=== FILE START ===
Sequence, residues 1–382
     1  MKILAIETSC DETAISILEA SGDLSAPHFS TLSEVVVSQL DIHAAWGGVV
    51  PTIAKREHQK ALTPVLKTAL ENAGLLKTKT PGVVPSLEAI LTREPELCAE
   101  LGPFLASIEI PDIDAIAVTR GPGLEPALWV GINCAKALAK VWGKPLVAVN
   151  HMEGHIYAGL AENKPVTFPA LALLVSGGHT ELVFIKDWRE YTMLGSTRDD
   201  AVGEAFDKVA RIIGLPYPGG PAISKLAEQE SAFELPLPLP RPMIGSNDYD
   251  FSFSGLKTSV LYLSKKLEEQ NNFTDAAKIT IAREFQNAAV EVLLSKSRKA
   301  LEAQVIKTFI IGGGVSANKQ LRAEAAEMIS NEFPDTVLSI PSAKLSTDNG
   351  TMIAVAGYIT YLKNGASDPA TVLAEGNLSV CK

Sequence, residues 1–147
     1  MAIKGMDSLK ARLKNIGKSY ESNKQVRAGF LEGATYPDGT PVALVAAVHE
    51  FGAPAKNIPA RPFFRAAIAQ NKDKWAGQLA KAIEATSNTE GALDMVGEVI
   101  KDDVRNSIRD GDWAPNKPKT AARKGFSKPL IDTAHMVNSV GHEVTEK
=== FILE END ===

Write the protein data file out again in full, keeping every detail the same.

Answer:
Sequence, residues 1–382
     1  MKILAIETSC DETAISILEA SGDLSAPHFS TLSEVVVSQL DIHAAWGGVV
    51  PTIAKREHQK ALTPVLKTAL ENAGLLKTKT PGVVPSLEAI LTREPELCAE
   101  LGPFLASIEI PDIDAIAVTR GPGLEPALWV GINCAKALAK VWGKPLVAVN
   151  HMEGHIYAGL AENKPVTFPA LALLVSGGHT ELVFIKDWRE YTMLGSTRDD
   201  AVGEAFDKVA RIIGLPYPGG PAISKLAEQE SAFELPLPLP RPMIGSNDYD
   251  FSFSGLKTSV LYLSKKLEEQ NNFTDAAKIT IAREFQNAAV EVLLSKSRKA
   301  LEAQVIKTFI IGGGVSANKQ LRAEAAEMIS NEFPDTVLSI PSAKLSTDNG
   351  TMIAVAGYIT YLKNGASDPA TVLAEGNLSV CK

Sequence, residues 1–147
     1  MAIKGMDSLK ARLKNIGKSY ESNKQVRAGF LEGATYPDGT PVALVAAVHE
    51  FGAPAKNIPA RPFFRAAIAQ NKDKWAGQLA KAIEATSNTE GALDMVGEVI
   101  KDDVRNSIRD GDWAPNKPKT AARKGFSKPL IDTAHMVNSV GHEVTEK